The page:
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Why Miley Cyrus Doesn’t Need a Red Carpet Anyway

The pop star is in control, Hollywood PR experts tell TheWrap

Miley Cyrus has moved off the red carpet, recently vowing she will never again walk the glamorous, media-packed events used to promote everything from fashion to film.

But that doesn’t mean she is going to lose out on any opportunities because of it.

The 23-year-old pop star, known for hits like “Wrecking Ball” and judging talent on NBC’s “The Voice,” is the 25th most-followed person on Twitter with 30.7 million followers — which pales in comparison to her Instagram following, where the superstar has amassed a captivated audience of 51.8 million.

It’s that very ability to connect directly with her fans that proves much more powerful than any well-worn red carpet, experts tell TheWrap.

“Social media allows celebrities to control the message,” Jennifer Cohan, who works with the famed Kardashians as director of social media at Kardashian Jenner Communications, said. “But at red carpets, you’re at the mercy of the reporter.”

The move away from the carpet also fits Cyrus’ image, brand expert Chad J. Kawalec, president of Brand Identity Center, explained. “Miley presents her brand as a renegade and outsider. Not attending reinforces this positioning,” he told TheWrap.

Another reason why Cyrus’ move away from press-packed premieres won’t hurt her is that red carpets are fast becoming a stale relic of Hollywood history — important when newspaper and television coverage mattered most but not so much in the digital age.

Arguably reaching their peek use at the height of nightly entertainment magazine shows, red carpet events have always been “a weird kind of gateway” to celebrities, noted one seasoned Hollywood publicist who spoke with TheWrap on condition of anonymity. “‘Entertainment Tonight’ was relevant for my grandmother — but she’s dead,” the insider added wryly.

Plus, the staged events — used to hawk everything from television shows to luxury store openings — are a dime a dozen.

“Red carpets are so common now, they have lost much of their ‘specialness,'” said Kawalec. “They showcase style, not talent.”

They’re so overdone, in fact, that publicists are regularly put in the position of begging certain media outlets to attend. Many press members have grown to see the events as a waste of time and what you wind up with are a surplus of “C-level outlets who get mad when the stars don’t stop to talk,” the aforementioned insider revealed.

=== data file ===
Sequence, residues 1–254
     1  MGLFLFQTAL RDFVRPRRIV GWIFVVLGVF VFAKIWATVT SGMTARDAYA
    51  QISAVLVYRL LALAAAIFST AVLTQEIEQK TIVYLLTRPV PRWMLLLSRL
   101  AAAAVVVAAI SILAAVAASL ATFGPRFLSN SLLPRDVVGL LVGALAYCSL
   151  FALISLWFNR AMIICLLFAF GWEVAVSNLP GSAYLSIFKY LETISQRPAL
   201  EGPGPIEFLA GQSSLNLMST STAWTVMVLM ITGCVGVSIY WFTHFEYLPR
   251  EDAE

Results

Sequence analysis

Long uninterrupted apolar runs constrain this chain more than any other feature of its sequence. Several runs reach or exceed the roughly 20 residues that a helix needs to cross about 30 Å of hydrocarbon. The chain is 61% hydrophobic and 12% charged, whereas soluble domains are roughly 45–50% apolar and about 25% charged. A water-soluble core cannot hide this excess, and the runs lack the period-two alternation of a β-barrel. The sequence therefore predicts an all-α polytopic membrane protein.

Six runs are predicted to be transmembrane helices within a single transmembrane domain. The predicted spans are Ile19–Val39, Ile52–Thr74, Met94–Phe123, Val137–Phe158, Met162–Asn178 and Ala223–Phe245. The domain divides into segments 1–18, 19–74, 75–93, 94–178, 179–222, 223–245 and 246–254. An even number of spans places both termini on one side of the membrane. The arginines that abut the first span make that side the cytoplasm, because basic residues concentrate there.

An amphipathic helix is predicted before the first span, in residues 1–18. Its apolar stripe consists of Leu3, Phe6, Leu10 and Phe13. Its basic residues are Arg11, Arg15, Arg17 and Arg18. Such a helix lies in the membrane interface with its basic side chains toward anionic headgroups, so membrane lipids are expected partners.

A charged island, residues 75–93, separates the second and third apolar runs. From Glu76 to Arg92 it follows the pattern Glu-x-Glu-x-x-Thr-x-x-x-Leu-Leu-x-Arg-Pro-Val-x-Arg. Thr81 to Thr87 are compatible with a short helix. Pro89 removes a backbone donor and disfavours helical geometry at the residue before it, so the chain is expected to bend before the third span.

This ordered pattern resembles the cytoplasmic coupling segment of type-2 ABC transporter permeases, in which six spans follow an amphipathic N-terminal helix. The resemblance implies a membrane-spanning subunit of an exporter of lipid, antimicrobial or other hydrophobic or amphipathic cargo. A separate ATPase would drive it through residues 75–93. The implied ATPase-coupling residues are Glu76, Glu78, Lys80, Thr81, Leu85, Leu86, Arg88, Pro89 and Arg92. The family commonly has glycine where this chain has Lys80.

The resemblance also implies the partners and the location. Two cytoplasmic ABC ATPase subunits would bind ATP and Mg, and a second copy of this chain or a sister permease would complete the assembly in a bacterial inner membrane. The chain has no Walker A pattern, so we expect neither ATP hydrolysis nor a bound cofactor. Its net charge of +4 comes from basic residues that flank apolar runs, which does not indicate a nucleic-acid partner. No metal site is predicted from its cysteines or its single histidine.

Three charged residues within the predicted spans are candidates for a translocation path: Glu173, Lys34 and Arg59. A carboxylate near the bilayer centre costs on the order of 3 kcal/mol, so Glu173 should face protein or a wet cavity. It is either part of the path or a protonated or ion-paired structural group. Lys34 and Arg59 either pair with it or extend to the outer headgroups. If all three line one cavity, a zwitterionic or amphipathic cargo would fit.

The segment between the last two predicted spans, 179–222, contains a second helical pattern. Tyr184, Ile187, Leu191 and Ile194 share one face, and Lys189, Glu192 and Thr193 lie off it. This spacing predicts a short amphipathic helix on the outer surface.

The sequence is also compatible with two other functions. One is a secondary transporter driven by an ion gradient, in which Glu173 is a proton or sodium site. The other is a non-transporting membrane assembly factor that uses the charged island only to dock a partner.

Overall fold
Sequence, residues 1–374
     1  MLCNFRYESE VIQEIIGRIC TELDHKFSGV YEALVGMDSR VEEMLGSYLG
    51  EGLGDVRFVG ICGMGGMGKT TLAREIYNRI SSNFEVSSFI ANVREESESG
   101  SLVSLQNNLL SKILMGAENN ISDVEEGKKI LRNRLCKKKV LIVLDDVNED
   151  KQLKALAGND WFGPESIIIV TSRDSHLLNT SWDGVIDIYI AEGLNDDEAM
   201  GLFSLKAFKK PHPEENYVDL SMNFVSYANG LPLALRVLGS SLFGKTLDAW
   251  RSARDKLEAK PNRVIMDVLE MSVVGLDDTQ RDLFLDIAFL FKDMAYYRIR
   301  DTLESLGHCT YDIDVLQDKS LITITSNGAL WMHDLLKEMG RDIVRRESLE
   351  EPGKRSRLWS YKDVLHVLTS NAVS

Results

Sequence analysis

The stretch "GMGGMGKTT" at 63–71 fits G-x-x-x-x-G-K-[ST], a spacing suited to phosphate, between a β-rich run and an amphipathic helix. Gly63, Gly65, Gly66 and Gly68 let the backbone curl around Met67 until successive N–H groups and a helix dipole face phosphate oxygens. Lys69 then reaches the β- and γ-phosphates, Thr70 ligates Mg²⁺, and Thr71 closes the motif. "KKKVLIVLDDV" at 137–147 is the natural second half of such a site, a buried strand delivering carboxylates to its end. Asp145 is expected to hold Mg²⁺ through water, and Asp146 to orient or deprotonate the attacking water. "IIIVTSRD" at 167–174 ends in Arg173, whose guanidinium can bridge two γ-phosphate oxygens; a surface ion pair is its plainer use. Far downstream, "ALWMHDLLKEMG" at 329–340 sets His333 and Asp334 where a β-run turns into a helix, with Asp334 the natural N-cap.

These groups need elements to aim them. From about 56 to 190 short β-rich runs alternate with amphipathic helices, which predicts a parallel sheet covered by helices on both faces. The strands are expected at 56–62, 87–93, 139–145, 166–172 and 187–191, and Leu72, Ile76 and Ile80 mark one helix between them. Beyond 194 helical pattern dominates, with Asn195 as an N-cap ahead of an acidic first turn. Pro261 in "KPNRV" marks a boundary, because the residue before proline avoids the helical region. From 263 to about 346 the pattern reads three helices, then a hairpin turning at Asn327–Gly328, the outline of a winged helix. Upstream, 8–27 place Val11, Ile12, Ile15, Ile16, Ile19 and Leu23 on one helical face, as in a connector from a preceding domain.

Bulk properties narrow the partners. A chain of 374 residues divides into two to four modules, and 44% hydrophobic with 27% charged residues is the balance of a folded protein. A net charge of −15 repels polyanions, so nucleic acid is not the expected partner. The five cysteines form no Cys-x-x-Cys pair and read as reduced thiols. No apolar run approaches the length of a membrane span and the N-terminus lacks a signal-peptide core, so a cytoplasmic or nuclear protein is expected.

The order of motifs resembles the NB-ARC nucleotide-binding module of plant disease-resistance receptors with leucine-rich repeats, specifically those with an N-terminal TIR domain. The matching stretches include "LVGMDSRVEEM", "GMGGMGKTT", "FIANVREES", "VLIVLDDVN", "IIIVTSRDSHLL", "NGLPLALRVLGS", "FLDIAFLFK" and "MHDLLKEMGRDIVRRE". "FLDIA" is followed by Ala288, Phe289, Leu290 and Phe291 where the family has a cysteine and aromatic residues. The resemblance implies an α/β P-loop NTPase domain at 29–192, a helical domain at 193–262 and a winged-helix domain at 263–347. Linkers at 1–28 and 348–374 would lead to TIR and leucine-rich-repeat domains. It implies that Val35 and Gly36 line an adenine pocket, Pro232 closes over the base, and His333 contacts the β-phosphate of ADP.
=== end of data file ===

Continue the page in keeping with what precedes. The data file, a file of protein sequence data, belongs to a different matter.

Cyrus also may not want to feed into that culture of “what is she wearing,” argued Cohan. “All the scrutiny and analysis that comes after someone steps out on the red carpet — for her maybe it’s just not about that.”

In spite of the pop star’s bold move, red carpet premieres aren’t going away anytime soon.

Cyrus is in a rarified group of celebrities who are so famous, they don’t need the extra exposure a red carpet provides. “For those stars who are just rising, red carpets validate them,” said Kawalec.

“Red carpets are still something that a lot of people are fascinated with and I don’t see them so much declining, as evolving with the times,” Cohan added. “These events are obviously great tools for promoting designers and brands, revealing a new relationship, debuting a new hairdo — things that really have nothing to do with the event itself, but get massive exposure.”

According to the experts who spoke with TheWrap, the only thing that is negatively affected by Cyrus’ personal ban on red carpet events are the projects they are staged to promote.

But nowadays it’s rare anyone is criticized for not walking a red carpet. “It was a big no-no in the past,” Kawalec said, but not anymore.

In the long run, Cyrus will eventually return to the red carpet, he predicted, “once her career starts to naturally decline.” But, added the brand expert, “She is far from that today. She is in control.”

Editor’s note: TheWrap’s Meriah Doty worked with Jennifer Cohan and Kim Kardashian in a prior job.